Editors of the Derby (Evening) Telegraph gathered at the paper’s Meadow Road office this week to mark a move to new premises. The paper has been in Meadow Road since 1980 and the editors' memories covering 34 years are definitely worth a read. One story that is missing, often recounted when old hacks get together for a beer or two, is told by ex-editor Mike Lowe. “My office backed on to the MDs. I knew that the then Bishop of Derby was coming to visit him so I waited until he’d gone out to reception to welcome his guest and then sneaked into his office and left an opened copy of Razzle on his coffee table. He was normally unflappable, but the shout of 'You bastard, Lowey’ could be heard at the other end of the building. The Bishop seemed a little nonplussed.” Ha ... the days when newspapers allowed a little high jinx without fear of the sack!
The paper (not Razzle) also published this picture of seven of the men who edited the Telegraph during those 34 years. They are, from the left, Steve Hall (now Derby MD), Mike Wood, Mike Lowe, Mike Norton, Keith Perch, Neil White (current editor) and Neil Fowler.
The only two missing are the late Bob Randall and Alex Leys, who now lives in the far North of Scotland. The picture prompted me to ask Twitter what the collective noun for Derby Telegraph editors should be. The actual collective noun for editors is an erudition. A quick search on the internet, though, came up with some innovative ideas. Seven years ago Adam Tinworth asked a similar question on his blog. The answers included a decline (ouch). Someone at least had the courtesy to suggest it should be a managed decline. Others were a twaddle, a whinge and an opinion. The All Sorts website suggested a scowl, a correction and a lynch posse among many others.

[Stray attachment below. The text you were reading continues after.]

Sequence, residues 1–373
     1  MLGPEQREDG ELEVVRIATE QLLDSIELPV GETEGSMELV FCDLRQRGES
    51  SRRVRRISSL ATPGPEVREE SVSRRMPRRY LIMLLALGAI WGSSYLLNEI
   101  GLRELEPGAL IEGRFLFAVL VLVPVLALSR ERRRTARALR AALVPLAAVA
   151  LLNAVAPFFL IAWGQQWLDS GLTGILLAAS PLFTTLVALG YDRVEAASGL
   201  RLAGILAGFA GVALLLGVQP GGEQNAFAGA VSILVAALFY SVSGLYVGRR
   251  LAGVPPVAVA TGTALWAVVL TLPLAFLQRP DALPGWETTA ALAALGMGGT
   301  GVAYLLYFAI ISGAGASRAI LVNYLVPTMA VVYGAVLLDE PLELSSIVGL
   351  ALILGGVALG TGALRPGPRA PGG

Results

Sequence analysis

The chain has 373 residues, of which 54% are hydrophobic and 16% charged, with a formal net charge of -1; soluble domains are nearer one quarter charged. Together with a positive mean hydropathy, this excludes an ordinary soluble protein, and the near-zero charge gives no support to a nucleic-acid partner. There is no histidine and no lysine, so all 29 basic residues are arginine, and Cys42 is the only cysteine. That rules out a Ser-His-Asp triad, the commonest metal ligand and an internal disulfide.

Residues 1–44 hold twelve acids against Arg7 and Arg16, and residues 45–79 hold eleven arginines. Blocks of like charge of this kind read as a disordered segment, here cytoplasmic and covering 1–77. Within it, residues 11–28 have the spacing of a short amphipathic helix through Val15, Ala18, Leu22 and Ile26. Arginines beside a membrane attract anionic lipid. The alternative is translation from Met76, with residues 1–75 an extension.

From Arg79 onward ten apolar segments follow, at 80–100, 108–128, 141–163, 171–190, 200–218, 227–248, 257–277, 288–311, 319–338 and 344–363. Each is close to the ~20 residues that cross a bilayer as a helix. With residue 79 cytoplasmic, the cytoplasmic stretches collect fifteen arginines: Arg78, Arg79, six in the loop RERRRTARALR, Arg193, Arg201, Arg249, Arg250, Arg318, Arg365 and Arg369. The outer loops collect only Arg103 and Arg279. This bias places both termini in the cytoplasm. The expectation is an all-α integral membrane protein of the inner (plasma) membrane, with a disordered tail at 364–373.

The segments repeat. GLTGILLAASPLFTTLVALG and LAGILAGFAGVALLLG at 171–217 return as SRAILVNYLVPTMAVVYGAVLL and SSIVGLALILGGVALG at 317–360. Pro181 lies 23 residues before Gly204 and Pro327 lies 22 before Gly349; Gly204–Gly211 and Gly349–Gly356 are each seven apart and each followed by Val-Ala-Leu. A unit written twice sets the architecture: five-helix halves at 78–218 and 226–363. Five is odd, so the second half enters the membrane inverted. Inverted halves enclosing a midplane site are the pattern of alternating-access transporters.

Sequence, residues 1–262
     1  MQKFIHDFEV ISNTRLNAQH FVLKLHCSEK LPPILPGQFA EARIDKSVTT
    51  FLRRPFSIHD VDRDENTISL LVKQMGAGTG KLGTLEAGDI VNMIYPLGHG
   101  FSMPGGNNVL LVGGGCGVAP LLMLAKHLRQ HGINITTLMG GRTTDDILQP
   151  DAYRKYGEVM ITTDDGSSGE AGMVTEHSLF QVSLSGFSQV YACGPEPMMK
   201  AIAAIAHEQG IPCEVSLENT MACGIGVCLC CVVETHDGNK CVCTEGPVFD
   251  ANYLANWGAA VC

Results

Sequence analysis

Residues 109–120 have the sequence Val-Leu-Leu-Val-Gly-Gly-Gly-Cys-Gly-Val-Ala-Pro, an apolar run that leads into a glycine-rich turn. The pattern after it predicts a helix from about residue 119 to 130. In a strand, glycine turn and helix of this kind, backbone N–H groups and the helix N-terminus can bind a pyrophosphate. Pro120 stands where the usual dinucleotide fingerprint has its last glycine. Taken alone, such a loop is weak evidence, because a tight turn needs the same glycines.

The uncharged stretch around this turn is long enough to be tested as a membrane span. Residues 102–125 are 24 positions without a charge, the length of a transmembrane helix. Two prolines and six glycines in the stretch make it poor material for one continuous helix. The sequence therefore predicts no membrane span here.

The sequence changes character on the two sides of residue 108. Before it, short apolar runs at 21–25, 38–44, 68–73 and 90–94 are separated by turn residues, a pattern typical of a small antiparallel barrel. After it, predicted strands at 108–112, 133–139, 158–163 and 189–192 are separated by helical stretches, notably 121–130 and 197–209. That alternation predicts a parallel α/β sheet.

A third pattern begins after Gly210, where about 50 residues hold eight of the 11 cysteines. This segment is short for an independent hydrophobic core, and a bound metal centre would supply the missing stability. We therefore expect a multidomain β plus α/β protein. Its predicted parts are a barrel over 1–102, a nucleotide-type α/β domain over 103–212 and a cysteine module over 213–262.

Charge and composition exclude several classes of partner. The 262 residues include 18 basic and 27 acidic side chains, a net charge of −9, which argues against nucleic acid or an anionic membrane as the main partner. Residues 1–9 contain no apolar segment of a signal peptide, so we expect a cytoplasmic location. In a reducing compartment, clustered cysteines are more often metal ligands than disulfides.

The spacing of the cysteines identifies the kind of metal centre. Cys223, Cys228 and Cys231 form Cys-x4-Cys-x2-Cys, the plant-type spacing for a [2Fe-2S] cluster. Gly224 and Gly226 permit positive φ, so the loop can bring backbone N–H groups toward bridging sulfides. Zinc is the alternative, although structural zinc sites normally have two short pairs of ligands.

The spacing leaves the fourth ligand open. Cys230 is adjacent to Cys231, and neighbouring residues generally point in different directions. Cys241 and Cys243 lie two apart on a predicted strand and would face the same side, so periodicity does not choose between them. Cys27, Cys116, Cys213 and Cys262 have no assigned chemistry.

In response to my Tweet, Lowey suggested an arrogance (quite apt for those who remember the Northcliffe football team) and current editor Neil White came up with an ego. Other editors joined in. Chris Lennon suggested a confusion, David Rowell came up with a bruising, Simon O’Neill (who was also at Derby) a snarl and Dominique Searle, editor of the Gibraltar Chronicle, came up with a barrel. Bev Thomas, editor of the Cambrian News was more gracious. 'I'd like to think that it's an eloquence of editors,' she wrote. Ex-editor Matt Cornish's perspective has changed over the years. 'As a cub reporter it would've been 'a beasting of editors,' he tweeted. 'Nowadays a 'prozac of editors'. The Mirror Style Guide didn't like the idea of more than one editor so suggested a dither. MailOnline journalist Paul Hutchinson thought a hyperbole was the most appropriate and Neil Gibson liked a pedant. The Evening Standard's Simon Neville said "I'm guessing there's a PowerPoint presentation with a synergy of editors in it. The Mirror's Greg Livsey suggested a bollocking of editors - although admitted that probably said more about him than the editors. The most heartfelt came from Australian editor Paul Wiggins who replied: 'A sigh of editors. Trust me on this.'
All of these are suitable for editors in general of course but this collective noun was meant to be specific to Derby. Last word to current editor Neil White: ‘On reflection, it should be a pride. Works on a few levels.’ I’ll buy that. Good luck to him and all the Derby staff on the move.